Above: Fadumo-Nakruma Ali Jama (courtesy of the artist)
My aunts and uncles used to exchange stories about their culturally conservative father visiting Fadumo-Nakruma Ali Jama, a well-known Somali musician and stage performer, to deliver a message from her father. When she came to the door, he fled in shock because her outfit was so revealing.
I visited with Fadumo-Nakruma last Friday to confirm the encounter with my grandfather. She was rehearsing for a play called “The Result of Civil War and Rush to Overseas,” part of the Somali Museum of Minnesota's second anniversary celebration.
Instead I discovered Fadumo-Nakruma had a remarkable career in the Somali arts spanning more than 50 years. She even tutored Stevie Wonder on Afro-Soul music.
Fadumo-Nakruma joined the Somali National Army in 1964 as a nurse recruit to support her country while it was warring with Ethiopia over disputed territory. The same year she auditioned for a play called “No Sitting Down,” designed to boost soldier morale. She wowed the judges and “the rest is history,” she said.
She sang two songs during that first play in Mogadishu and met her first love. The government-sponsored band of actors, singers and writers were preparing to tour their show to other cities in Somalia, but her new lover didn't want her to go. Fadumo-Nakruma obliged.
She was jailed for 40 days for refusing to travel. She stopped performing for a while, returning four years later as the mother of four young children.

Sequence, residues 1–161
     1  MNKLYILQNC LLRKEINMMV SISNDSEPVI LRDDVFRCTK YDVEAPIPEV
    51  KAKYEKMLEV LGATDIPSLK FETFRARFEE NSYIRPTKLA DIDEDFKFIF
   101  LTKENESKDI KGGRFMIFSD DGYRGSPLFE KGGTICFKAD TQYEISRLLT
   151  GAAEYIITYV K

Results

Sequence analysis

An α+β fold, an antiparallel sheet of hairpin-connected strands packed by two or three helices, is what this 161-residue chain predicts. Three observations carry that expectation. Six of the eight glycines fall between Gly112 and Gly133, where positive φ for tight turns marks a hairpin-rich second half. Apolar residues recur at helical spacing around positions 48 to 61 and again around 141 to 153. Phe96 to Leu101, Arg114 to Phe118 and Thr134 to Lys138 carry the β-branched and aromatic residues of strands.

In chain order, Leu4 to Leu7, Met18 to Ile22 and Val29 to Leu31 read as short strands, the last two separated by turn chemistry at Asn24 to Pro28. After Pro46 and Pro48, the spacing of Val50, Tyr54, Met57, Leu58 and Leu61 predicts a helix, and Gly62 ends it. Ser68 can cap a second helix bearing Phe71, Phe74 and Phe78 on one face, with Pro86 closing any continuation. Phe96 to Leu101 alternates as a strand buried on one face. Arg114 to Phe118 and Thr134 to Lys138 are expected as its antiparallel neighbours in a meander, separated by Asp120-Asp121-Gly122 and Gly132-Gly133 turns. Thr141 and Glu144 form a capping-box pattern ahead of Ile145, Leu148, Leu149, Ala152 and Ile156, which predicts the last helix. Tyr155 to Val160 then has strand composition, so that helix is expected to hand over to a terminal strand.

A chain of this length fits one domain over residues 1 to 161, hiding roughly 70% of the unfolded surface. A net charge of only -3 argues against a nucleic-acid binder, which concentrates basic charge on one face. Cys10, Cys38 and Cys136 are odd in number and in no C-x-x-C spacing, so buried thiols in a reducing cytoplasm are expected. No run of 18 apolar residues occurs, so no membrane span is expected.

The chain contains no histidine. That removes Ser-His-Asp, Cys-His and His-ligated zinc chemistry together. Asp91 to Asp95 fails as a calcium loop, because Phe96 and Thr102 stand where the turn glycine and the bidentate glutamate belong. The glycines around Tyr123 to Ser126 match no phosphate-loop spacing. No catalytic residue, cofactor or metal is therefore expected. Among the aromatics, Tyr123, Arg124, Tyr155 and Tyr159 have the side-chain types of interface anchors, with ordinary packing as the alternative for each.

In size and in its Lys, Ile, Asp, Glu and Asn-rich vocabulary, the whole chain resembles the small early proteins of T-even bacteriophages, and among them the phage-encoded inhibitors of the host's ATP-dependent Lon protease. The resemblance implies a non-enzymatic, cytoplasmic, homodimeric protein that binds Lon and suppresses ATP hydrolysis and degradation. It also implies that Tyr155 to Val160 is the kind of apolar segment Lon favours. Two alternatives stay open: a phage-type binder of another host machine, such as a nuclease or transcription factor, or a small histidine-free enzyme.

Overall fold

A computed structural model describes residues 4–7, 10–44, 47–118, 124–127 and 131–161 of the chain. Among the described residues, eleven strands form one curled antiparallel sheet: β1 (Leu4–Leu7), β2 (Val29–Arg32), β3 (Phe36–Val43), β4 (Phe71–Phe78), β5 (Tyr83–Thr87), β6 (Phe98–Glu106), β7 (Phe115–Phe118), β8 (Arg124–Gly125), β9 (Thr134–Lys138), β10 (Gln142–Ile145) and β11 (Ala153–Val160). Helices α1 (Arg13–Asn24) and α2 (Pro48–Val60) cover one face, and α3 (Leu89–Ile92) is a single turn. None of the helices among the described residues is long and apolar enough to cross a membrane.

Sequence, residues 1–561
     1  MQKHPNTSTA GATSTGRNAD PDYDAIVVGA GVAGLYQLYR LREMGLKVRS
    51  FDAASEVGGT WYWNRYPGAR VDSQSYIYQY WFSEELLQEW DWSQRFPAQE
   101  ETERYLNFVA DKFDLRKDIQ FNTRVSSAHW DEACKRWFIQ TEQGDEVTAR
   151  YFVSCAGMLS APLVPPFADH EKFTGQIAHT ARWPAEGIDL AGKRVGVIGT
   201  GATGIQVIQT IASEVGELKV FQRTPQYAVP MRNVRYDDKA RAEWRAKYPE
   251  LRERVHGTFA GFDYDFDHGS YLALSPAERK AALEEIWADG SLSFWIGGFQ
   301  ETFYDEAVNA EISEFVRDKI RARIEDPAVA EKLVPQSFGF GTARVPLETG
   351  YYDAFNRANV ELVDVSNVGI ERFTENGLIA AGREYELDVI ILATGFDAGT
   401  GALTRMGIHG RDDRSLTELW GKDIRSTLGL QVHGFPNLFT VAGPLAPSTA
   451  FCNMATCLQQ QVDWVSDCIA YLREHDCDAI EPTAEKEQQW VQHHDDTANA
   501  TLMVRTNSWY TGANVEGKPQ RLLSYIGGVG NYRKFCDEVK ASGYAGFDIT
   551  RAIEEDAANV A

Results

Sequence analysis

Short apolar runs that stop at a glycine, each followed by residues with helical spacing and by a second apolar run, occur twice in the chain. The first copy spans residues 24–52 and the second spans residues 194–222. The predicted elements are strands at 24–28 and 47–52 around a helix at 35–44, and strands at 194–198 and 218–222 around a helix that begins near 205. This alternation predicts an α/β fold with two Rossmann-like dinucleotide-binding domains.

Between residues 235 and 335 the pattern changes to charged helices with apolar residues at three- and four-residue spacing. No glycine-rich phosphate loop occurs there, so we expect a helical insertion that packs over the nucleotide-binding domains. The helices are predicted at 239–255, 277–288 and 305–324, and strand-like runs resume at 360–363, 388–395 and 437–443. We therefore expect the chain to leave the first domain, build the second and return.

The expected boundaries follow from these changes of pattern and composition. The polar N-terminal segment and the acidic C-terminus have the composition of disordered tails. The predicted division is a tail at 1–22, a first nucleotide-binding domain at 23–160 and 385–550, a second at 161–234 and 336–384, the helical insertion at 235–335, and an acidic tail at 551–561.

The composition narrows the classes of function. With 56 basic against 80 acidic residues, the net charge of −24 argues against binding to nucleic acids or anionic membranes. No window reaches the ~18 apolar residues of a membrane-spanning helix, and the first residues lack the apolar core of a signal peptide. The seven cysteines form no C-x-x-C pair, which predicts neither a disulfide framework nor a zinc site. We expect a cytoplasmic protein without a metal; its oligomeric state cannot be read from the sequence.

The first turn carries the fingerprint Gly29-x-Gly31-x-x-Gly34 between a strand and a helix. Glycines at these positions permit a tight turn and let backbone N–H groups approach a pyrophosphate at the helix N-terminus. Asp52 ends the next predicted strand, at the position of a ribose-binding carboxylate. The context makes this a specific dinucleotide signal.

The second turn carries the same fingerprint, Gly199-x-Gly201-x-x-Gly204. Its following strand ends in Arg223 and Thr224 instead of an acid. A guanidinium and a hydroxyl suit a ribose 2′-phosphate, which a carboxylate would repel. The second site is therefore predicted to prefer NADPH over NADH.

In 1977, she traveled to Lego, Nigeria, with a group of Somali performers to compete at the Festival of Africa and Black Nations for the Arts. She won an award in the Afro-Soul category with a rendition of the love song "Love is Not Mirage." Here is a grain video of Fadumo-Nakruma's award-winning performance.
She told me Stevie Wonder was in the audience that night and joined her onstage at the award ceremony. The pop star was staying at the same hotel as the Somalis, and Fadumo-Nakruma befriended him. She ended up coaching him on Afro-Soul. Wonder was searching for his African roots, Fadumo-Nakruma said. He was a good student.
Fadumo-Nakruma worked in radio and television in the 1980s. She fled from Somalia to Canada in 1991 upon eruption of the civil war.
I asked about her secret to career longevity and how she managed to stay relevant for such long time. Adaptability,” she told me.
In 1996, she was the lead actor of “Incomplete,” a play about Somali life in North America. In one passage Fadumo-Nakruma sang an R&B song with English lyrics, connecting with Americans of Somali descendent. She brought that audience connection to the Twin Cities last Saturday.
Nearly 1,000 Somalis, many born and raised in Minnesota, jammed the Hopkins Center for the Arts to see “The Result of Civil War and Rush to Overseas.” The presence of this many Somalis in a suburban Minnesota theater is certainly one result of that civil war.
Osman Ali, founder and executive director of the Somali Museum of Minnesota, was elated with the event's sucess. Fadumo-Nakruma Ali Jama's participation was crucial to the event's success, he said.